This means that we should also consider the implications of sending pictures such as before and after photos to patients, even in private messenger formats, as there is potential for breaches in privacy if our business media accounts are accessed from our personal mobile devices.14 Transparency in the profession is important and patients should be allowed access to their records, including photographs, but it is worthwhile taking a brief moment to ensure they are aware of the limitations in security involved with instant messenger functions. Patients can then decide whether they would prefer to receive their data via more secure channels such as email servers or certain time-limited document sharing services e.g. expiry times on Dropbox links.

Patients should be discouraged from discussing their private information (such as in depth treatment details and medical history) in detail online and this should be extended to their use of instant messaging, as the risk of dissemination of this material through intention or accident is high.10

Encouraging patients to avoid discussing such topics online may also help avoid the situation of complaints arising in this sphere. This does not mean placing a gagging order on all our patients, but simply discussing with them at their first consultation how you find it best to communicate and a brief explanation of why it is more appropriate to discuss more detailed issues in person or over the phone or even video call.

Negative feedback

Medical professionals have clear guidance on how they are expected to react to feedback and complaints in their sector6,11 and this guidance can be carried into the field of aesthetics. Professionals are advised that they must have a clear, written complaints procedure, which is visible to patients.11 When patients are using social media, it is likely they are not accessing this procedure and so they may not be able to process their feedback through the correct channels.

Likewise, when we receive negative feedback outside of our usual professional context, often we are less likely to treat this in the same way we would in a face-to-face or written format. This can lead to complaints not being dealt with in the correct way and escalating unnecessarily.

Similarly, with the availability of social media on mobile devices, patients may find themselves more readily raising concerns about minor issues using these channels, as they are less confrontational and much more flippant. We also run the risk of having complaints and responses disseminated into the public sphere. When we do find ourselves thrown negative feedback on social media platforms, it is therefore sensible to guide our patients down a more formal route, rather than engaging in a conflict which may not be so reasoned in its approach. Inviting patients in for a chat in person about their concerns may be considered more professional and caring than a response on social media.

Summary

While social media presents benefits to growing our aesthetics businesses, offering open preventive advice and information, along with an easy communication channel for current and potential patients, we should be mindful of the pitfalls of informal, instant messaging.

We are responsible for maintaining an appropriately professional relationship to ensure we do not encroach on our own private lives or bring our specialty into disrepute. We also need to be aware of the risks of breaching patient confidentiality on social media and act responsibly with regard to the sharing of patient information and photography. Scheduling away time for applications on our mobile devices and using automated message functions with details of emergency contacts, can help us get the most from our social media platforms without blurring the lines of professional relationships.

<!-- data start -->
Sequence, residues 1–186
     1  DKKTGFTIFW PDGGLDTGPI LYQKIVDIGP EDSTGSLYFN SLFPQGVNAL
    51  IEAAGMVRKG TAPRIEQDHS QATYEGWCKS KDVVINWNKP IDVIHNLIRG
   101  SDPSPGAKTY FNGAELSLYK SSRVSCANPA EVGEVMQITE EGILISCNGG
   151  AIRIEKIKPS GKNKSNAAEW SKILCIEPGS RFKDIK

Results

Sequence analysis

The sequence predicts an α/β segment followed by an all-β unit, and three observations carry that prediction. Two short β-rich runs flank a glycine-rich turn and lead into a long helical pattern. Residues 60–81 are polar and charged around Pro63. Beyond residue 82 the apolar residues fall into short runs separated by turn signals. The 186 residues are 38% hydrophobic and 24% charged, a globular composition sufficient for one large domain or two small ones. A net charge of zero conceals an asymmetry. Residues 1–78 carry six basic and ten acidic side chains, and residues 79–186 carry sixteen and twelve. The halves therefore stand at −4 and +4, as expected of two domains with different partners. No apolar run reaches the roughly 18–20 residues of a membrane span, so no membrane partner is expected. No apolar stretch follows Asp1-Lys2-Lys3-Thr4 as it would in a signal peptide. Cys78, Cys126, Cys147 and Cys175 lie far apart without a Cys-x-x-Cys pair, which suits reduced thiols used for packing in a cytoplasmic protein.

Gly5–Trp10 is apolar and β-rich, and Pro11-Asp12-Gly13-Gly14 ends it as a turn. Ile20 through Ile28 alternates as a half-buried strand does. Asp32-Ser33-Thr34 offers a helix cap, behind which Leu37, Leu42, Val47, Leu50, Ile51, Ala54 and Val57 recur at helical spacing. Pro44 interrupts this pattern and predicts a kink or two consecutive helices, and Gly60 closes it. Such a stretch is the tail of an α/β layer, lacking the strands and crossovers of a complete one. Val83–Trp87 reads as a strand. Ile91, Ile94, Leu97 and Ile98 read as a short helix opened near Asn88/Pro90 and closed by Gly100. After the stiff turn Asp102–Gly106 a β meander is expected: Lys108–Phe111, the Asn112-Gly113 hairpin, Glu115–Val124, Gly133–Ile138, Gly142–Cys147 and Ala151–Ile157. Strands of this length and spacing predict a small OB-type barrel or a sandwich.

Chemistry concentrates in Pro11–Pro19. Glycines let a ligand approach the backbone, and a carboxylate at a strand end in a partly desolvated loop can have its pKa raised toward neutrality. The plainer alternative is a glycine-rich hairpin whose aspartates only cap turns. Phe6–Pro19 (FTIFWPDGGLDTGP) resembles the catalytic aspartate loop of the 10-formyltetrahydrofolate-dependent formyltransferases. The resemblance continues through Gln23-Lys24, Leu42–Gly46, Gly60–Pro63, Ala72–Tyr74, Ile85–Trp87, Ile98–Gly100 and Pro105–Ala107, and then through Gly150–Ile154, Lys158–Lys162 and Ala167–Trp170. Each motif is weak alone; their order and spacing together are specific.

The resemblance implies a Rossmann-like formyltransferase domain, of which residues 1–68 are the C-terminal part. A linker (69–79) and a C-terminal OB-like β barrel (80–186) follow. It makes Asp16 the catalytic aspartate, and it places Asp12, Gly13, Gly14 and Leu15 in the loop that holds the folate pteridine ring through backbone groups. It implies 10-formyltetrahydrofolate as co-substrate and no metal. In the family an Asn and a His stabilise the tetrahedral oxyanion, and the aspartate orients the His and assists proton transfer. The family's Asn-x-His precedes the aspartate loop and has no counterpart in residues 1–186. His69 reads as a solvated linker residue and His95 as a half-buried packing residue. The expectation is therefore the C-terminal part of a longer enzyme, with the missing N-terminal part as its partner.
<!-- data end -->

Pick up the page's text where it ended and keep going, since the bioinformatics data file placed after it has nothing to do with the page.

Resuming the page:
References
  1. S Kemp, Digital trends 2019: Every single stat you need to know about the internet, 2019 <https://thenextweb.com/contributors/2019/01/30/digital-trends-2019-every-single-stat-youneed-to-know-about-the-internet/>
  2. D. J. Gould, S. Nazarian, “Social Media Return on Investment: How Much is it Worth to My Practice?,” Aesthetic Surgery Journal, vol. 38, no. 5, pp. 565-574, 2018
  3. E. Madudova, J. Fabus, “A Study of Consumer Behaviour of Active Usage of Instant Messaging Applications,” International Journal of Economics, Business and Management Research, vol. 1, no. 5, pp. 350-357, 2017
  4. C. L. Ventola, “Social Media and Health Care Professionals: Benefits, Risks, and Best Practices,” Pharmacy and Therapeutics, vol. 39, no. 7, pp. 491-499, 2014
  5. C. Hawn, “Take Two Aspirin And Tweet Me In The Morning: How Twitter, Facebook, And Other Social Media Are Reshaping Health Care,” Health Affairs, vol. 28, no. 2, pp. 361-368, 2009.
  6. General Medical Council, “Ethical Guidance for Doctors,” 2013
  7. Nursing & Midwifery Council, “Social Media Guidance,” January 2019
  8. General Dental Council, “Guidance on Using Social Media,” 28 June 2019
  9. D. Sines, “JCCP Policies and Procedures,” 20 August 2019 <https://www.jccp.org.uk/AboutUs/jccp-policies-and-procedures>
  10. W. Lewis, “The symbiotic relationship between aesthetic medicine and social media,” 2016. <https://aestheticsjournal.com/cpd/module/the-symbiotic-relationship-between-aestheticmedicine-and-social-media>
  11. General Dental Council, “Standards for the Dental Team,” 30 September 2013
  12. Facebook, “How are my response rate and response time defined for my Page?,” 2019.
  13. K. Bong, “Avoiding Burnout,” Aesthetics journal, 2016 <https://aestheticsjournal.com/feature/avoiding-burnout>
  14. B. L. Filkins and J. Y. Kim, “Privacy and security in the era of digital health: what should translational researchers know and do about it?” American Journal of Translational Research, vol. 8, no.3, pp. 1560-1580, 2016